Apple this week posted important an update to iOS 9. Version 9.3.5 is ready for download from Apple’s servers. Experts advise you to upgrade right away, since it closes a malware security vulnerability. It’s good advice, even if the risk is small to most of us. Make sure to back up your iPhone or iPad first, though. Here’s info on what’s going on and how to protect yourself.
First of all, if there’s one takeaway from the story: Don’t click on a link unless you know what’s inside.
A human rights dissident named Ahmed Mansoor received a strange text message on his iPhone encouraging him to click a link. He didn’t. Instead Mansoor reported it to a security research firm. Researchers think that it was a sophisticated effort to take over Mansoor’s iPhone. The code belongs to a company that makes government spyware.
The security group alerted Apple and didn’t publicize the break until after Apple issued the patch.
What is a zero-day exploit?
The original report says that hackers have combined “zero-day” exploits in iOS to remotely jailbreak a targeted iPhone. “Zero-day” is security shorthand for “this problem hadn’t been patched by the software maker when it was found.” (“Jailbreaking” enables software to be installed on the iPhone that Apple doesn’t allow otherwise.)
The folks at Macworld have the skinny on what’s going on here:
When used together, the exploits allow someone to hijack an iOS device and control or monitor it remotely. Hijackers would have access to the device’s camera and microphone, and could capture audio calls even in otherwise end-to-end secured apps like WhatsApp. They could also grab stored images, tracking movements, and retrieve files.
It’s important to understand that according to the security experts who have examined the code, this particular exploit was targeted to be delivered to a specific person. It was only his general awareness and suspicion something was wrong that prevented the software from getting installed.
In other words, this isn’t like a phishing or a botnet scheme, where the goal is to get as many devices infected as possible. Instead, this was an effort by government actors to target a specific individual.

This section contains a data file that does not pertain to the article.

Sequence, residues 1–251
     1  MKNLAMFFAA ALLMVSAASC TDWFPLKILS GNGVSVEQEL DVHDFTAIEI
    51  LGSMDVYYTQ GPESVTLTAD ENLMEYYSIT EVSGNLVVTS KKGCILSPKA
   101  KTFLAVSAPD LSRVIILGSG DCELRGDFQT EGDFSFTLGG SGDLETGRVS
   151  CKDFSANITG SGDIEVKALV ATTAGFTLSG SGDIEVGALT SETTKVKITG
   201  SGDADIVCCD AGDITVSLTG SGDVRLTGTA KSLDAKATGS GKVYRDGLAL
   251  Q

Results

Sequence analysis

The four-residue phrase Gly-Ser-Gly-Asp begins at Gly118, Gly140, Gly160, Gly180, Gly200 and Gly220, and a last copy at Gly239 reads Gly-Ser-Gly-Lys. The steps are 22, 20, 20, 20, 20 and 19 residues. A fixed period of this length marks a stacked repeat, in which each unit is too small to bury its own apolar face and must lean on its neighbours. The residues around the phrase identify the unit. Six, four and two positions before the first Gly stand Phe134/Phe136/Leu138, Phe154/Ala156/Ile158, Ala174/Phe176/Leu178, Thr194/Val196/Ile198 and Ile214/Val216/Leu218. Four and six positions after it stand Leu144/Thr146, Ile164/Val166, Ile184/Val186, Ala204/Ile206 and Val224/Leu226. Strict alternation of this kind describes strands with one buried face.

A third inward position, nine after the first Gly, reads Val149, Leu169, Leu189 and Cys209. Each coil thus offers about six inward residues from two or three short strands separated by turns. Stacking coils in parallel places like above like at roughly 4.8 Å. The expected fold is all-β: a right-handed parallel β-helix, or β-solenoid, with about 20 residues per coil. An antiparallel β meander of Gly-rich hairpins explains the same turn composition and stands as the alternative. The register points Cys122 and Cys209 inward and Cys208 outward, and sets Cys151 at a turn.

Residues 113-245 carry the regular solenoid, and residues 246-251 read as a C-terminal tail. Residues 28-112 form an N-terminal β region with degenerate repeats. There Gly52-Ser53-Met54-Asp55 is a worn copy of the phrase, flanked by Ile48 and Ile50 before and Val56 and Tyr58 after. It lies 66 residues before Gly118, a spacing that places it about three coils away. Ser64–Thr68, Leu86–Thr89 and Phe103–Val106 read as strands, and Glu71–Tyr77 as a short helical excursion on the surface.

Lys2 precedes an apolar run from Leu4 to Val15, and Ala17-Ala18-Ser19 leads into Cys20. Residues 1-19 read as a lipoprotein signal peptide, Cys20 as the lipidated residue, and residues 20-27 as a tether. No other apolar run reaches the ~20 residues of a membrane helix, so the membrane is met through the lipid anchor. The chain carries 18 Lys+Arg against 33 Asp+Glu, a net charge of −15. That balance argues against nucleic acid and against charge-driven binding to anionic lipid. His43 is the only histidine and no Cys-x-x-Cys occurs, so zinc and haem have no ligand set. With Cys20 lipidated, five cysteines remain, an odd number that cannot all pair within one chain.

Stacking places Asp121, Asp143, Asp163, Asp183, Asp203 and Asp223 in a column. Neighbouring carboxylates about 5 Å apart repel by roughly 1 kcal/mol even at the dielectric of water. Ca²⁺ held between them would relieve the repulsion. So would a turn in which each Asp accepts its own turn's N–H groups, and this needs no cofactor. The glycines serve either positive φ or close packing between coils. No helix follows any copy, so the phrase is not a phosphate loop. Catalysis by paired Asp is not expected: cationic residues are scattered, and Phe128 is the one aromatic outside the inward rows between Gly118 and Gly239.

That means that the risk to you that you might be exploited by this particular problem is relatively low, unless you’re in the crosshairs of a government agency (or unless malware programmers figure out another way to exploit this particular threat for other reasons).
Risk, low. So don’t panic. But the threat is still there, which is why Apple’s pushed the 9.3.5 update and is recommending that everyone who’s running iOS 9 install it promptly.
Should I back up before I update?
Yes! Backup before you make any fundamental changes to your device. It’s a good idea to make sure any essential information is stored safely somewhere else.
You can backup your device using iTunes on the Mac or PC. Use the Lightning cable that came with your iOS device and connect it to an open USB port, then open iTunes to backup. You can also use iCloud Backup, Apple’s cloud-based backups service. Here’s a guide to backing up your iPhone or iPad with more details.
In general, we advocate the 3-2-1 Backup Strategy. Always have three copies of your data. One is your local copy (the data on your iPhone or iPad, for example). The second is a local backup (using iTunes on your Mac or PC, for example). The third is a copy stored safely offsite, in case anything happens – the cloud, for example.
iCloud Backup is one option for offsite backup. Backblaze will back up your computer’s iTunes files including that local backup. So if you backup to your computer, then use Backblaze, you’re all set.
How do I update my iPhone or iPad?
Follow these steps to make sure iOS 9.3.5 is installed on your device. First of all, make sure your device is charged and connected to a Wi-Fi network.
- Tap the iPhone or iPad’s Home button.
- Tap Settings.
- Tap General.
- Tap Software Update.
- The device will check for an update. Your device will automatically restart after it’s done.
What do I do now?
Breathe a sigh of relief now that you have iOS 9.3.5 installed. At least until the next security exploit pops up. Just make sure to backup early and often, to make sure your device and your data is safe.
Editor’s note, 9/1/2016
Mac users are also advised to apply the latest Security Updates to OS X 10.10 “Yosemite” and 10.11 “El Capitan.” Apple on September 1 released updates to those operating systems to patch the same security issue.